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On This Day (July 5th 1987): Rumours resurface over Mark Proctor’s Sunderland future

Mark Proctor had been given a whopping new contract by Lawrie McMenemy at the start of the 1986/87 season - but as we slid horribly into Division Three, the vultures were circling over Sunderland’s prized asset...

With Lawrie McMenemy long gone and new manager Dennis Smith in place charged with the task of getting us out of division three at the first attempt, the last thing he would have wanted was suitors circling his best players…. OR WAS IT!

Just as he had done in the previous close season first division Sheffield Wednesday manager (and future Sunderland manager) Howard Wilkinson attempted to prise Mark Proctor away from Sunderland.

Wilkinson was offering players plus cash, with the experienced midfielder Gary Shelton and forward Carl Shutt (who had scored a credible sixteen goals in thirty-seven appearances for the Owls) offered up as inducement for Proctor.

I can remember alarm bells ringing in my head as Dennis Smith was quoted as saying “every player at this club is available if the right offer is made”!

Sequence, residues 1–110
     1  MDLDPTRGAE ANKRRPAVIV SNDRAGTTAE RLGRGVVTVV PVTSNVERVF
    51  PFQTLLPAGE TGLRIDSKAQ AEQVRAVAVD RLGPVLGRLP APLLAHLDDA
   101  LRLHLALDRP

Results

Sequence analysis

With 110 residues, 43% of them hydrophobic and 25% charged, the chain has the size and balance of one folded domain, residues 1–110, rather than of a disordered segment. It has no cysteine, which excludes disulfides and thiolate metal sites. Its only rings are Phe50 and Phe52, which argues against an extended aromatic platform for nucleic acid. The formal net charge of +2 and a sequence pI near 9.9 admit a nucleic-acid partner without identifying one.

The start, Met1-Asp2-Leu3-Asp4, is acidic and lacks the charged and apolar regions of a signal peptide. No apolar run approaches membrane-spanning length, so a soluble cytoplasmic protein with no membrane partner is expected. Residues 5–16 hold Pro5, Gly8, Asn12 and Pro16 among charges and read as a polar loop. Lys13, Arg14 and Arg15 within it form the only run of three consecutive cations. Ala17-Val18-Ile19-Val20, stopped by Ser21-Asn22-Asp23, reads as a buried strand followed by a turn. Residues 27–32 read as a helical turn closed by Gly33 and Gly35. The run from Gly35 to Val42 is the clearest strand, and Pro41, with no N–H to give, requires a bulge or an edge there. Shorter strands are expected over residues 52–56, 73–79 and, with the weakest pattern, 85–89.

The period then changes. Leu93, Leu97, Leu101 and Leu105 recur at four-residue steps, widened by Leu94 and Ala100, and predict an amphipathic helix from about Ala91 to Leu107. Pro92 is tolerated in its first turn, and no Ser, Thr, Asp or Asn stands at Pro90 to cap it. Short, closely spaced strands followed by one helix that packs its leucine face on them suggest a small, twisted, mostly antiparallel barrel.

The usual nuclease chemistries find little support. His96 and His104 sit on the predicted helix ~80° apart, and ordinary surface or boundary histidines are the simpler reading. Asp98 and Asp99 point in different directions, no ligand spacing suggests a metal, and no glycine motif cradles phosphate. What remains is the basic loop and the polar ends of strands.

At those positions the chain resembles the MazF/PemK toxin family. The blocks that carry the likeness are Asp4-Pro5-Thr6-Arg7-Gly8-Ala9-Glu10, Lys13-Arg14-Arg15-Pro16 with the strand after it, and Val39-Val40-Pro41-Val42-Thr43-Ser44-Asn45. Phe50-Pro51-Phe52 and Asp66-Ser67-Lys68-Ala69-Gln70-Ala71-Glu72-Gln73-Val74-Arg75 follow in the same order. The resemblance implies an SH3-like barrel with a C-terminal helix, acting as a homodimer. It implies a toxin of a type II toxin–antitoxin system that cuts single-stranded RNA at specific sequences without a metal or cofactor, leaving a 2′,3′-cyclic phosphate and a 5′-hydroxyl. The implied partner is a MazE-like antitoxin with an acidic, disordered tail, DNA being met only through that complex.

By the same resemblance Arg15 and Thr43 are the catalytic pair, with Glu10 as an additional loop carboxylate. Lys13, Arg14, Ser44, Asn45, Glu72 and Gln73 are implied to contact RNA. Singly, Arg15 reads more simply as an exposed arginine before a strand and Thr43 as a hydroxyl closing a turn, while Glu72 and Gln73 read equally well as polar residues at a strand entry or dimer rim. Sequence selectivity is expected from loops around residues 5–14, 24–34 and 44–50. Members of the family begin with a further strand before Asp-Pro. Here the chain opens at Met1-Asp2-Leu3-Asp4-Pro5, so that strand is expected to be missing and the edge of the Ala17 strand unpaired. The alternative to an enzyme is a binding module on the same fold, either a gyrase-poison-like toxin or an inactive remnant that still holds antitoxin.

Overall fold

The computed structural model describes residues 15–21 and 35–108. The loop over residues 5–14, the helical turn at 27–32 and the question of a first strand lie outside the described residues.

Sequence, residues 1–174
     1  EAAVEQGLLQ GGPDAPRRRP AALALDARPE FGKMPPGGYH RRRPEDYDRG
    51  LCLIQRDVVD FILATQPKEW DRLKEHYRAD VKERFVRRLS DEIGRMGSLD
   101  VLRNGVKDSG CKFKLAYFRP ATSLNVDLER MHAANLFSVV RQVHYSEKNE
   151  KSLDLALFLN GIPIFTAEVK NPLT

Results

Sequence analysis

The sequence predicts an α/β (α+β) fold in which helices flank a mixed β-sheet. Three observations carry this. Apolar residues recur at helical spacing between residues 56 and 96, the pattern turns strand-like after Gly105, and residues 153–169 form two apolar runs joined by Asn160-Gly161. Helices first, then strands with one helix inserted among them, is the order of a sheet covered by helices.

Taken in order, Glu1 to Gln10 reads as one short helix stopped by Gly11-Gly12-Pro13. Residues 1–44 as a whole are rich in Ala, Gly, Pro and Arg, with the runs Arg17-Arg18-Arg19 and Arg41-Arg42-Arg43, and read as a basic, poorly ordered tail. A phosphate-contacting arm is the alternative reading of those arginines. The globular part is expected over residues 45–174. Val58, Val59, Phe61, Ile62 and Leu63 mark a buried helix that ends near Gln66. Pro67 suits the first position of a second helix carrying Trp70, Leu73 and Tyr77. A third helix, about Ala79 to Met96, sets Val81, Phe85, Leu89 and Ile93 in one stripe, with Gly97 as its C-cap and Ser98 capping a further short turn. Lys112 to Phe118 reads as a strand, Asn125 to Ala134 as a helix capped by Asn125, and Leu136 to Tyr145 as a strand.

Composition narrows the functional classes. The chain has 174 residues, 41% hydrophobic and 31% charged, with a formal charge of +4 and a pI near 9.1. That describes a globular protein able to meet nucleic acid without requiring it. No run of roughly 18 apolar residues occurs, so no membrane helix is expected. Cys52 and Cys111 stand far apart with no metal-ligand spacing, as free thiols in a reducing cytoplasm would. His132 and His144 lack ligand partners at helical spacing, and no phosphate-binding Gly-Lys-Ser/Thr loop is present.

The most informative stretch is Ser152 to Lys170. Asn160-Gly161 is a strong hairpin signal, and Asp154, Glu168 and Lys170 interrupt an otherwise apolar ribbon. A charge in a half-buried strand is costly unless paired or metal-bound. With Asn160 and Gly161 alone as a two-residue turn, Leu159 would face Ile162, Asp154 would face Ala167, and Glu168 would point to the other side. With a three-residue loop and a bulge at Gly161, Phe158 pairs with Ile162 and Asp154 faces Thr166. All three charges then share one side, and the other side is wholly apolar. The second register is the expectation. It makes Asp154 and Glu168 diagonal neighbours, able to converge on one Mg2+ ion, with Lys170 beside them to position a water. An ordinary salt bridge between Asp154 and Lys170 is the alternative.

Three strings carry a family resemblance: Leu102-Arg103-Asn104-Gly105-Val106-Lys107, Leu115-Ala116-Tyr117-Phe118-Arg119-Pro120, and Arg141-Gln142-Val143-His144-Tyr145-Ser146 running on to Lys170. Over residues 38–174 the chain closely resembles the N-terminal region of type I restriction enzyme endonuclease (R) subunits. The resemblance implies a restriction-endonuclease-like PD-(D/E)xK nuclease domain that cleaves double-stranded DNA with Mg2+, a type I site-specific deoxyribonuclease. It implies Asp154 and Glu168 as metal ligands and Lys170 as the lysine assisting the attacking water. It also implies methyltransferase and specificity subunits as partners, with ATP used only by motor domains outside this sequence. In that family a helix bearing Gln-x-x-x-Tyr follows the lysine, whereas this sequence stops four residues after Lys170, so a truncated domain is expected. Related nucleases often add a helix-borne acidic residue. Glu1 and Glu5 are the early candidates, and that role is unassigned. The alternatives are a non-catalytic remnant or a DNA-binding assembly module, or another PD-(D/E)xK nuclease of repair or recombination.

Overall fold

With players such as Eric Gates, Gary Bennett and Frank Gray already attracting attention, and a young Gordon Armstrong getting noticed too, the last thing I thought we needed was a manager appearing to open the door to offers for our better players.

Soccer - League Division One - West Ham United v Sunderland - Upton Park Photo by PA Images via Getty Images

In reality I should not have worried myself, Smith played a canny game with his most saleable asset and when he did eventually leave in September of the 1987/88 season, it was for a fee of £270,000 and this money was put to very good use, enabling the purchase of Marco Gabbiadini for £80,000 from York City and probably Colin Pascoe from Swansea City later on in this season for £70,000.

Wilkinson wanted to re-unite ex Boro team-mates Proctor and David Armstrong (whom he had purchased from Southampton, and he eventually got his man at a price!

Armstrong had applied for the vacant Sunderland managers post prior to Smith’s appointment and could have been re-united at Roker Park that season if things had turned out differently.

Smith had promised Proctor that if a club from a higher division came in for him, he would not stand in his way... at the right price!

A portrait of Dennis Smith the manager of Sunderland

Proctor’s departure created an opportunity for Steve Doyle, whose form had suffered under the previous McMenemy regime. Doyle would prove a very handy operator in our midfield as we had to battle our way out of division three.

As for Proctor, when he did eventually leave, it was with a glowing tribute from assistant manager Viv Busby (not a man noted for faint praise), who said:

We did not want to lose a player of his quality, he is a model professional, but needs must.

It’s all about the future of Sunderland football club.

I did not appreciate at the time, the fee of £270,000 was the third highest fee we had ever received for a player, Chris Turner (1985) and Dennis Tueart (1974) were each sold for £275,000!

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